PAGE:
Then I’m alone in a glass house on a ridge
Encircled by chiming mountains
With one sun roaring through the house all day
& the others crashing through the glass all night
Conscious even while sleeping
-Philip Whalen on Sourdough Lookout

Imagine the impact of 50-60 days of continuous solitude high above the tree line with abundant time to watch the mountains, explore the depths of your soul, and make art! Through their stories, the lookout cabin — one of the Pacific Northwest’s most iconic hermitages — became a crystalized symbol of the sanctuary that I too found in the mountains. I now understood the power of place-based healing, and became passionate about creating more of it. 

A New Lookout

A few months into my dedicated painting endeavor a symbiotic relationship emerged between my solace treks in to the mountains and the contemplative environment of the studio. If mystical alpine experiences provided rich fodder for the studio, and the studio led to a deeper understanding and appreciation of those adventures, would it follow that even more time in both settings would amplify the cathartic healing? 

Because I could not afford to escape the existing responsibilities of my life to live in a lookout on top of a mountain, I decided to bring the lookout to me in the form of a mobile studio/gallery space that I could visit and create within whenever I wanted. Over the winter months, despite many obstacles including a demanding full time job, single digit temperatures and snow, I poured countless hours in to constructing a 14’ x 14’ lookout-style cabin based on antiquated Forest Service drawings and my own observations from pilgrimages to various lookouts around the state. I repurposed 15 single-pane windows from a 1930’s era Fire Management Warehouse built by the Civilian Conservation Corps, who also built many of the fire lookouts in the Pacific Northwest in the 1930’s. As my lookout deepened with historical references, it also took on new meaning by serving as a community “creative share space” in response to the devastating 2014 Carlton Complex fires. My lookout had become a healing space not only for myself, but for others as well.

The growing body of new paintings surpassed ten and I found myself returning most often to the enchanting colors of small, pristine, and often un-named alpine lakes. Majestic and flawless, high and lonesome, they became the perfect symbol for the state of mind I’ve found through place-based healing. Countless times I’ve sat by the shore shedding layers of emotional drama, letting them metaphorically settle to a resting place at the bottom while serene, crystal clear water radiates above. In the studio, a similar regenerative focus depicting those places and the transformation that happens there brings me to a similarly quiet and uncluttered state of mind.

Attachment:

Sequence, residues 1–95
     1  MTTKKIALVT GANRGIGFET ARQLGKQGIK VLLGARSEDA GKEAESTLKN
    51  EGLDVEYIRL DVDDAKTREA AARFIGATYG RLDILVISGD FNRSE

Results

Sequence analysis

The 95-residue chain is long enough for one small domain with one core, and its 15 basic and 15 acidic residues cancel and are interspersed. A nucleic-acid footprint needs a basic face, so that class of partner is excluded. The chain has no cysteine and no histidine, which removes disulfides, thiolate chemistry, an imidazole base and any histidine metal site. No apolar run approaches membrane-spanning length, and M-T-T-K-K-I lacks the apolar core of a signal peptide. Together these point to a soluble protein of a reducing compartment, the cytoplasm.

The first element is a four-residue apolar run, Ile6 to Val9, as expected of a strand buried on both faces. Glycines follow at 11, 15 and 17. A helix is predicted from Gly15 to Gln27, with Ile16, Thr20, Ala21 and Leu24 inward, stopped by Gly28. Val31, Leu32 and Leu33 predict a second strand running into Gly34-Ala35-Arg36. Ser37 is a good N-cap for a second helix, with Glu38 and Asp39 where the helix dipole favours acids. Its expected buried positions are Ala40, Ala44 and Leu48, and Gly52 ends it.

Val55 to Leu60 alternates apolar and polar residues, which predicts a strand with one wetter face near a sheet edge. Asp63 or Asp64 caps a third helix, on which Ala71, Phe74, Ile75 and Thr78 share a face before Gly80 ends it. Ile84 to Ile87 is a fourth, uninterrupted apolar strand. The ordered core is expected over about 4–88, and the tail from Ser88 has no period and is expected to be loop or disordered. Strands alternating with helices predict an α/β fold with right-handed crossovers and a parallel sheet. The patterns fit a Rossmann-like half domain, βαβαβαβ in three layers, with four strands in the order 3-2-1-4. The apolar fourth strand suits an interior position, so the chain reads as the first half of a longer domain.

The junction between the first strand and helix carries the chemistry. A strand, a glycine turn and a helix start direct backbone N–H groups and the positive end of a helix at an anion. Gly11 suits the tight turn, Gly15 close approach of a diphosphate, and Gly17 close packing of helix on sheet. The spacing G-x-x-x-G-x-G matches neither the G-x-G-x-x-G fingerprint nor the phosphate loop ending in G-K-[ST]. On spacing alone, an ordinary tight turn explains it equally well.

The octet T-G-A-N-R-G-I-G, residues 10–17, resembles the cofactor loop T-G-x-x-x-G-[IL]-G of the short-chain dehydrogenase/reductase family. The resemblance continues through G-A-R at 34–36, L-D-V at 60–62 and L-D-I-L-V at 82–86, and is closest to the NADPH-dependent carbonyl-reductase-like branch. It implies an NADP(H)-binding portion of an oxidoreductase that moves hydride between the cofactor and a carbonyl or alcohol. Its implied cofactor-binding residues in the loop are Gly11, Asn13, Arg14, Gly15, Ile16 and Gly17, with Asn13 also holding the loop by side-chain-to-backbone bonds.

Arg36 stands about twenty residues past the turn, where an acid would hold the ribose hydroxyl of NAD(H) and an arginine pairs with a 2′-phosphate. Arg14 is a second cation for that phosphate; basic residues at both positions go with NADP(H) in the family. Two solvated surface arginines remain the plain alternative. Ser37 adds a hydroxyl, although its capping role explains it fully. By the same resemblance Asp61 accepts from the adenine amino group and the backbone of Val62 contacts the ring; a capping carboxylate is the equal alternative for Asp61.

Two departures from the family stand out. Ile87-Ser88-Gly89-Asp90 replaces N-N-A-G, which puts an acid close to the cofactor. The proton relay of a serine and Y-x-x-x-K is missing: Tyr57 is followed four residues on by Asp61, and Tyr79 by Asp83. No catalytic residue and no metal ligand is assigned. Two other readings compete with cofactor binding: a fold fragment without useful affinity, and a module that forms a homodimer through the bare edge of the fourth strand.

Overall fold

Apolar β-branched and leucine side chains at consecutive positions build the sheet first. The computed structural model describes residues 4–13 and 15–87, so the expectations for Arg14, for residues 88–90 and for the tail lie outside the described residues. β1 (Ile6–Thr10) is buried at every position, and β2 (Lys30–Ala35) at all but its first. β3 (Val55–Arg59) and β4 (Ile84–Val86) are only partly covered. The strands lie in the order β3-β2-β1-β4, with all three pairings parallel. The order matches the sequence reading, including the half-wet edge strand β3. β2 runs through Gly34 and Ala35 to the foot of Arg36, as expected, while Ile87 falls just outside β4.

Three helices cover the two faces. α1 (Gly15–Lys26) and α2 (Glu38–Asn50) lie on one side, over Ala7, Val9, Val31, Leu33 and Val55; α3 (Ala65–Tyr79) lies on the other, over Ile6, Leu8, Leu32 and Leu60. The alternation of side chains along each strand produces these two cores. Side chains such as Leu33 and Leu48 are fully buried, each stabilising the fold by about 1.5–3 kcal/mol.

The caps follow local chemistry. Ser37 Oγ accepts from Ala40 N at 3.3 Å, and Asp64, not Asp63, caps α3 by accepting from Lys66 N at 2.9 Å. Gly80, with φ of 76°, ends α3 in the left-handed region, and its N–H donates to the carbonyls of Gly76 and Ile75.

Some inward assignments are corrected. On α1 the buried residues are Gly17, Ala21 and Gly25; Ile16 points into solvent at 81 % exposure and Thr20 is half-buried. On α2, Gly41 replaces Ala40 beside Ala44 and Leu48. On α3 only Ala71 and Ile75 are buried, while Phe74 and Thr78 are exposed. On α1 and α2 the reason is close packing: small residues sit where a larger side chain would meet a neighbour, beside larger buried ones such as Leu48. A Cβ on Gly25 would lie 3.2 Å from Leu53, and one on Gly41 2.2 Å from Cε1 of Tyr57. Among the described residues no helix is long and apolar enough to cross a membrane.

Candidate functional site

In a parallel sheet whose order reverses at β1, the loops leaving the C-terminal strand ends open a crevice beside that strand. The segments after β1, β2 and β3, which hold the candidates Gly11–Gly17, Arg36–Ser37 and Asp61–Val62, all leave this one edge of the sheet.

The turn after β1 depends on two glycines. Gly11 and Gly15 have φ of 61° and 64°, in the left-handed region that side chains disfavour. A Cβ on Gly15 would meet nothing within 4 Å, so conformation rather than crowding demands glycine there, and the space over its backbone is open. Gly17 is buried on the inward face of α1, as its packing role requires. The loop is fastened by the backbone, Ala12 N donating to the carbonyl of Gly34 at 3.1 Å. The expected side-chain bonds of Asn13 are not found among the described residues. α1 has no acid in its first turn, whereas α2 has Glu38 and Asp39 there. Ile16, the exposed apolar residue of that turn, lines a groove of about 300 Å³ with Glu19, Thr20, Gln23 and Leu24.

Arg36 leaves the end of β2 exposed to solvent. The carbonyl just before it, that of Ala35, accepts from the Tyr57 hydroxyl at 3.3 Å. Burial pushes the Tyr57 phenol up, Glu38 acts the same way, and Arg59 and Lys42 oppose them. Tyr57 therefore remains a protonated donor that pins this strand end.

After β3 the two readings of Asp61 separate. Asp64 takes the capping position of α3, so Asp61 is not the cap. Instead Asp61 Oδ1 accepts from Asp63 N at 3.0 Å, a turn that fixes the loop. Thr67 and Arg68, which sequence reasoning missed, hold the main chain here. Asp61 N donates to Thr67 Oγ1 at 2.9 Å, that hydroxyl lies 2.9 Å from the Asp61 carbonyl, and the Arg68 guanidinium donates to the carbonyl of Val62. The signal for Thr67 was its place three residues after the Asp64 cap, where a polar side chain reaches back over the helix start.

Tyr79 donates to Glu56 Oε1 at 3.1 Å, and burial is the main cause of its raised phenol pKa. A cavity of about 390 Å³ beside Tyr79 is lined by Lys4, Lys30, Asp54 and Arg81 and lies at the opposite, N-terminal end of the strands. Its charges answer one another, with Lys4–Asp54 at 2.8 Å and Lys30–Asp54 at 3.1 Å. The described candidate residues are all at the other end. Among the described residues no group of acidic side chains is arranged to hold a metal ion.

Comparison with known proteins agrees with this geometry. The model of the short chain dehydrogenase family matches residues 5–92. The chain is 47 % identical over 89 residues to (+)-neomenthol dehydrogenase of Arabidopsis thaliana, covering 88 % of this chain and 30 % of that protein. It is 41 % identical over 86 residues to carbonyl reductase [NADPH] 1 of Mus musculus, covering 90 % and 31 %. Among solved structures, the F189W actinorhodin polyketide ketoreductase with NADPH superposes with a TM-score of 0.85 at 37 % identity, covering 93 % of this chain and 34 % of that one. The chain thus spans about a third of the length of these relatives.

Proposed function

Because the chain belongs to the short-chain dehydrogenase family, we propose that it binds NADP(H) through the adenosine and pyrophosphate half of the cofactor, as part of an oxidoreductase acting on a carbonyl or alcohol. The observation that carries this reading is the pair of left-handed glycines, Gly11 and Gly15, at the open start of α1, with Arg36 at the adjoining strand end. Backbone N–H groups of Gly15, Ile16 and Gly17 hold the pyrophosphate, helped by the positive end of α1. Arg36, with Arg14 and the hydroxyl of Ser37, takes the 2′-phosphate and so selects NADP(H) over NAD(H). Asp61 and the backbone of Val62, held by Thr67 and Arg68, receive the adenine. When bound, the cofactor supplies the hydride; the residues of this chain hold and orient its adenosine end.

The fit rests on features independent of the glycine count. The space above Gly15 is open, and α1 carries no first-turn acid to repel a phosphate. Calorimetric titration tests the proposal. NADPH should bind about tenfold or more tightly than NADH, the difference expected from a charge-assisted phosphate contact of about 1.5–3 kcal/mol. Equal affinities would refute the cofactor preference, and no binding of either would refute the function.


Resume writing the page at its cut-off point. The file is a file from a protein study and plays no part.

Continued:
For me, spending time in the mountains pondering the essence of this precious purity, or to reflect deeper on those experiences in the studio, is to get in touch with the big-ness of creation, my own smallness and mortality, and the relative insignificance of my human drama in the grander scheme of things. So why not, as Kerouac says, take life as it comes and try to be more like the mountain? I now know that if it were up to me, I would fill in line number four of Braughtigan’s poem with the words: “Find something pure, ...and visit often.” 

My story has some surprising silver linings. The past three years have been full of harmonious co-parenting and all three of us get to enjoy the best parts of both sides of the mountains. I see my son all the time and he is currently my favorite hiking partner, wet side or dry.


This article originally appeared in our November/December 2015 issue of Mountaineer magazine. To view the original article in magazine form and read more stories from our publication, click here.